Wars bring societies together. Plagues pull them apart.
Ancient religious myths put disease as a risk to unbelievers and sinners. According to Hebrew mythology, in expelling Adam & Eve from their idyll in the Garden of Eden, God listed disease as one of the “wages of sin.”
In the 5th century BCE, Greek physician Hippocrates proposed that disease had a natural cause. The clash of this secular view against religious dogma echoed down through the ages.
Familiar epidemic diseases strike children and cull the sickly and elderly. Plague is distinct in targeting men and women in the prime of their lives. This aspect made plague seem supernatural, as well as magnifying societal disruption by leaving in its wake vast numbers of orphans, widows, and destitute families.
Furthermore, plagues showed no predilection for the poor like epidemics did. Plagues fell with a vengeance that reeked of judgment day. The plagues that episodically swept Europe in medieval times led to an outpouring of fervor with theodicy was a central theme: the vindication of God as good. A secondary theme was vanitas: the transience of life, the certainty of death.
As well as mass sickness, pandemic promotes an enervating fatalism. People realize how little they control – that fate deals the cards.
Epidemics evoke panic. Plagues usher terror. But both bathe societies in a dread of death which strains out comity and leaves a residue of shame in their aftermath.
Italian writer Giovanni Boccaccio (1313-1375) wrote about what happened in Florence during the plague that swept Europe in 1348: “citizen avoided citizen, kinfolk held aloof, and never met. Nay, what is more, fathers and mothers were found to abandon their own children – untended, unvisited – to their fate.”
English writer Daniel Defoe (1660-1731) reported on the Great Plague of London (1665-1666): “Every one’s private safety lay so near them they had no room to pity the distresses of others. The danger of immediate death took away all bonds of love, all concern for one another.”
In disproportionately hitting the impoverished hardest, pandemics inflame class divisions.
When cholera struck Naples in 1884, the poor district was especially hard hit. A rumor swept the neighborhood that city officials were deliberately spreading the disease. when public health workers showed up, the locals revolted: pitching them down stairs and throwing furniture at them.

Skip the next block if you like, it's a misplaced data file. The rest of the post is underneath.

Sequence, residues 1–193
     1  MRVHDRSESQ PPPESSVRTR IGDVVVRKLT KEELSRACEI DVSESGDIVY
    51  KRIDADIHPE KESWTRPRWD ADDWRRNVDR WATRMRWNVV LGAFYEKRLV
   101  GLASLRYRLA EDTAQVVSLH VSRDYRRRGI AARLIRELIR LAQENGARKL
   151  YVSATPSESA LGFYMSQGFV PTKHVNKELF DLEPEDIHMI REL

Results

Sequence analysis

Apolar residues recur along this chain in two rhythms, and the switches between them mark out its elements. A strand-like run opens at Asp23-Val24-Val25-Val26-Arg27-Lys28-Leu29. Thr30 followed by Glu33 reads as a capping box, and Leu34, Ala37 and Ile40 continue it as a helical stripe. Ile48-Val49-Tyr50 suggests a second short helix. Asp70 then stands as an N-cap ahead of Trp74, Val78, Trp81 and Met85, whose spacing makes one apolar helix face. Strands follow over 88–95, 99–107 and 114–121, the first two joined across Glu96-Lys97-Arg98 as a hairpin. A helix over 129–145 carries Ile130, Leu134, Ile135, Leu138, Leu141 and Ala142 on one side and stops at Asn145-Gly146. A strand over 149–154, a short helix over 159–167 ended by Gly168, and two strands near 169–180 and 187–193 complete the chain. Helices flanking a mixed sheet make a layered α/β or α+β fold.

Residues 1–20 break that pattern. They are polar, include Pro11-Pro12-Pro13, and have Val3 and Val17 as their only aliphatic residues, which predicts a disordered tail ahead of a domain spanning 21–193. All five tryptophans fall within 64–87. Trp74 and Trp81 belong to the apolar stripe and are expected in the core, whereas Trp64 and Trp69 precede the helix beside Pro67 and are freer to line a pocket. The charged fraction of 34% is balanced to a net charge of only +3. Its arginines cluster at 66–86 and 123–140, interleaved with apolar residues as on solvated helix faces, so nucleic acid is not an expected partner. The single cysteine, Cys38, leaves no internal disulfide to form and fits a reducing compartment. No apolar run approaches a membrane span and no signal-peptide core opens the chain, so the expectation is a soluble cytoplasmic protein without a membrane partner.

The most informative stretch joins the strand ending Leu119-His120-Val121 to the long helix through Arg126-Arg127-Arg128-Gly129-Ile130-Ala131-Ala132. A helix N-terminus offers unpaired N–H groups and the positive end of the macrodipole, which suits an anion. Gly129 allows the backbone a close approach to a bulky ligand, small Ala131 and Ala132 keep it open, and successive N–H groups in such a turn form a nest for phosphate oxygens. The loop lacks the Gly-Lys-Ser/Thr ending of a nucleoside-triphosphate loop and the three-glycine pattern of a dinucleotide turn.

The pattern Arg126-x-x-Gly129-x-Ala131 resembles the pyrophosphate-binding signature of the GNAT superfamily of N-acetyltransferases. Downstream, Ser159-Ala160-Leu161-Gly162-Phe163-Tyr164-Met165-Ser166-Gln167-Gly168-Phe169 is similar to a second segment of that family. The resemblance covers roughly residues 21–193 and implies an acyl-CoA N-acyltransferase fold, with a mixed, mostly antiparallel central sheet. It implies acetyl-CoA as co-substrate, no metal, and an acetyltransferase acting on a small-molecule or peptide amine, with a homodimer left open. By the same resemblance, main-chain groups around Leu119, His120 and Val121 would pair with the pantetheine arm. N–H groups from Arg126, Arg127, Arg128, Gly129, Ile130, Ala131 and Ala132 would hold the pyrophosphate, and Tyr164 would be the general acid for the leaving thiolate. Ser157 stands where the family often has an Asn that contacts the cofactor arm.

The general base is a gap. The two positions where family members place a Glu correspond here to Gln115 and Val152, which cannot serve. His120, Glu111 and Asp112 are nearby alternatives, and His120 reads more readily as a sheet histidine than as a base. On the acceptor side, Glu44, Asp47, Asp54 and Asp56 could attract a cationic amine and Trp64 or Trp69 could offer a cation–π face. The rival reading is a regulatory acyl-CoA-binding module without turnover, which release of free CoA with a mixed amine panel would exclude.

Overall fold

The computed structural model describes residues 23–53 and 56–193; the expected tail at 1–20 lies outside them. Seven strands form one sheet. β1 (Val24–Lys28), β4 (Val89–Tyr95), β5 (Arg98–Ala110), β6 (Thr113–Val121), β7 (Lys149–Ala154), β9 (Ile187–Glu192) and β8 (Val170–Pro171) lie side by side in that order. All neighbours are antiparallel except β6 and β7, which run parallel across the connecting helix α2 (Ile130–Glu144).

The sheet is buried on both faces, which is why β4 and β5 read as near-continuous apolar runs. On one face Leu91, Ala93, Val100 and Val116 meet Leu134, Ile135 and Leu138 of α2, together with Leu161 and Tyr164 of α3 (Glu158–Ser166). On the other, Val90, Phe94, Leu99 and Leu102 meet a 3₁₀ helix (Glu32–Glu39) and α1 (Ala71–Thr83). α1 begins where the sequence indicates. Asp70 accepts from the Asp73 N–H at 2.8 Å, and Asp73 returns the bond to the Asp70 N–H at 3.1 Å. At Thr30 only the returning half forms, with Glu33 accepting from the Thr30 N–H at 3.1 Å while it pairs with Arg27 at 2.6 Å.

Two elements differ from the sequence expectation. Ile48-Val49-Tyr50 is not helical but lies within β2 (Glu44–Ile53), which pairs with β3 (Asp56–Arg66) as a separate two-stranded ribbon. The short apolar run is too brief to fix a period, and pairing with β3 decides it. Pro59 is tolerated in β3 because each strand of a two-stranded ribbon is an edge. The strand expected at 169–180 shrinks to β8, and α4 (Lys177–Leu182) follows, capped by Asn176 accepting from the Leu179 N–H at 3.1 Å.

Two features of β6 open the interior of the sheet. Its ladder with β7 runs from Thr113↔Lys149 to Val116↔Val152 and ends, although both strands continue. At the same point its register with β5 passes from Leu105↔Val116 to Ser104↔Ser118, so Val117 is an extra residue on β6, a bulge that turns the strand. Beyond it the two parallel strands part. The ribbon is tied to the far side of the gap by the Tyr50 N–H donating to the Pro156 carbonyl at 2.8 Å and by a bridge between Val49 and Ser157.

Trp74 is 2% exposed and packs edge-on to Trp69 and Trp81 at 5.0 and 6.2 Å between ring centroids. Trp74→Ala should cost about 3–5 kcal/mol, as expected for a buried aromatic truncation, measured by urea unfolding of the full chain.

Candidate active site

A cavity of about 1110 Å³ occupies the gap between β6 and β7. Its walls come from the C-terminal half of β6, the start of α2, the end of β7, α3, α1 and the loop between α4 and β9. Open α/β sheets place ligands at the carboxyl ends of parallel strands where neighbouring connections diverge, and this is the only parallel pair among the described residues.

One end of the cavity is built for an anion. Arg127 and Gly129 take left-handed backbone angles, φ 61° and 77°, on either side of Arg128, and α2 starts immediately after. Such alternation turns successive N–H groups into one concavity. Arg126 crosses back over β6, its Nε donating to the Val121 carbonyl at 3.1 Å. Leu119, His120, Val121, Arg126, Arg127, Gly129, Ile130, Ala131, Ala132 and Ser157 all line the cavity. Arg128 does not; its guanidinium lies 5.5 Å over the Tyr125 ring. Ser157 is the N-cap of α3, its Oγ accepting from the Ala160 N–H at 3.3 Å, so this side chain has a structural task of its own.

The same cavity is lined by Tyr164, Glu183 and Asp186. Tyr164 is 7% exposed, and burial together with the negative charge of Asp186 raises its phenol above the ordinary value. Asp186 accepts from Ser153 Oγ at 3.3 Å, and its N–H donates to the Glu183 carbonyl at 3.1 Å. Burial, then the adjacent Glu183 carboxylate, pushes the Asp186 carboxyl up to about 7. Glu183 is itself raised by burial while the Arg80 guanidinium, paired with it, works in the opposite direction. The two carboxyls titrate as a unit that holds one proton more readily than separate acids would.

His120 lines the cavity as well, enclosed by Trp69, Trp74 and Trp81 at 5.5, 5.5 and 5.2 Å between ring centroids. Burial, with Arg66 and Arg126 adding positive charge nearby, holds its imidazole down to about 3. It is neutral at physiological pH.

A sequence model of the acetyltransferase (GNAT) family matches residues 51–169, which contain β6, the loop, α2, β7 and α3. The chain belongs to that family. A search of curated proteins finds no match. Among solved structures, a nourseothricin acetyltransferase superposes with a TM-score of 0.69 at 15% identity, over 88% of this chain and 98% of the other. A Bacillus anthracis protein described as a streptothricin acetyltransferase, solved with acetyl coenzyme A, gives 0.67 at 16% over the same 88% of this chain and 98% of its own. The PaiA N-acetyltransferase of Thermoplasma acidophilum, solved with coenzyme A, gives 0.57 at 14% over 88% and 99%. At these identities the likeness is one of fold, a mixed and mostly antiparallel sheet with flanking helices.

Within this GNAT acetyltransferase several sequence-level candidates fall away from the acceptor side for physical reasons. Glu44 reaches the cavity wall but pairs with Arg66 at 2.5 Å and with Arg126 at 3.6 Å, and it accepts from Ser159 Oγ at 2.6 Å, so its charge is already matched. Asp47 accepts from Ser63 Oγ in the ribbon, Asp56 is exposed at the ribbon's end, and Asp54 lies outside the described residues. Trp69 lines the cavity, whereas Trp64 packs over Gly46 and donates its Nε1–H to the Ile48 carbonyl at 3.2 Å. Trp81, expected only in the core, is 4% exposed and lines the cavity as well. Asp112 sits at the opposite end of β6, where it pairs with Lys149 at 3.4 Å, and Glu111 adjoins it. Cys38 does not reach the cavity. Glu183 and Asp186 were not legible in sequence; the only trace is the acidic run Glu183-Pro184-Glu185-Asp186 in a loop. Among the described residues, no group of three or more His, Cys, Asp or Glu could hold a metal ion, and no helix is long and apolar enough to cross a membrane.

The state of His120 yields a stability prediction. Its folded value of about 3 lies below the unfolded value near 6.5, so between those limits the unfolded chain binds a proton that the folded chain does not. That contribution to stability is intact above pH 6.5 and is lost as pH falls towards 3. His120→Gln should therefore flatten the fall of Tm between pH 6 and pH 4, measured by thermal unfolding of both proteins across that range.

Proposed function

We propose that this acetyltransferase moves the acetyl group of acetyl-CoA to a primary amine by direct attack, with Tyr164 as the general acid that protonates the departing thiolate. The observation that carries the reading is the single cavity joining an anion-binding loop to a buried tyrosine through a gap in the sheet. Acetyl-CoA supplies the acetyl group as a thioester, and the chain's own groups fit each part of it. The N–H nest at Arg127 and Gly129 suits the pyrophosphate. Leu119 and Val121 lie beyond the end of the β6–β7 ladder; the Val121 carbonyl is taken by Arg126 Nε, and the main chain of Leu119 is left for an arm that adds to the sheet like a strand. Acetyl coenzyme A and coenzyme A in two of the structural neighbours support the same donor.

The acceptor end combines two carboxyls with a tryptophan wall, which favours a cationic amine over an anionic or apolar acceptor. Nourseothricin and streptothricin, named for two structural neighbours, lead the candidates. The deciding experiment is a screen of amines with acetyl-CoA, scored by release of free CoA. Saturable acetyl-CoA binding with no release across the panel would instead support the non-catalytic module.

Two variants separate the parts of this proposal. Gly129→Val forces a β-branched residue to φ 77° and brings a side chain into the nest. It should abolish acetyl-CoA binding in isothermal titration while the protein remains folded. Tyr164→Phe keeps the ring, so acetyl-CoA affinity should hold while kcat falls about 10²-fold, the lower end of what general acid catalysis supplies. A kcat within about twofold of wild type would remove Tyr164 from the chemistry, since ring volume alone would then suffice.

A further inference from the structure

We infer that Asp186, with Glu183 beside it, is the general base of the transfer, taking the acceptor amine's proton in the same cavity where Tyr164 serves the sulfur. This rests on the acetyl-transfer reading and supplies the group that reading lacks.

Naples officials thought bad fruit was the source of the disease. Peasants responded by gorging on fruit in public – their way of disparaging the elites who were so useless when disease struck.
The Spanish flu pandemic battered America in 1918. In Philadelphia, the head of public health pleaded for volunteers to help take care of sick children. Few did. His scornful commentary: “Women had delightful dreams of themselves in the roles of angels of mercy. Nothing seems to rouse them now. The death rate is so high, and they still hold back.”
American society steeped in shame over its 1918 pandemic response. Whereas 53,000 Americans were killed in the Great War, 675,000 died of flu in 1918. Yet that great killer left no cultural legacy. Instead, Americans drowned their collective guilt by indulging in the materialism that came to be known as the Roaring Twenties.
Every crisis in a society evokes a poignant statement of the ethics which underlie norms. As Covid-19 now presses upon humanity, the weaves of societal moral fabrics are again exposed.
Covid-19 originated in China. Local officials initially suppressed and ostracized those who first spotted the outbreak there: the kneejerk reflex of provincial China officialdom. As the epidemic became apparent, the central government took charge and turned the page: doing what could be done to slow the spread and openly sharing information with the world. China’s ruler Xi Jinping demonstrated exemplary leadership in showing concern and inspiring resolve.
Contrast that with US President Trump, who at first decried Covid-19 as a “hoax” and did nothing to prepare his country for the inevitable outbreak. Trump treated the growing epidemic as a potential political malady rather than a public health crisis.
Frank M. Snowden, Epidemics and Society, Yale University Press (2019).
David Brooks, “Pandemics kill compassion, too,” The New York Times (12 March 2020).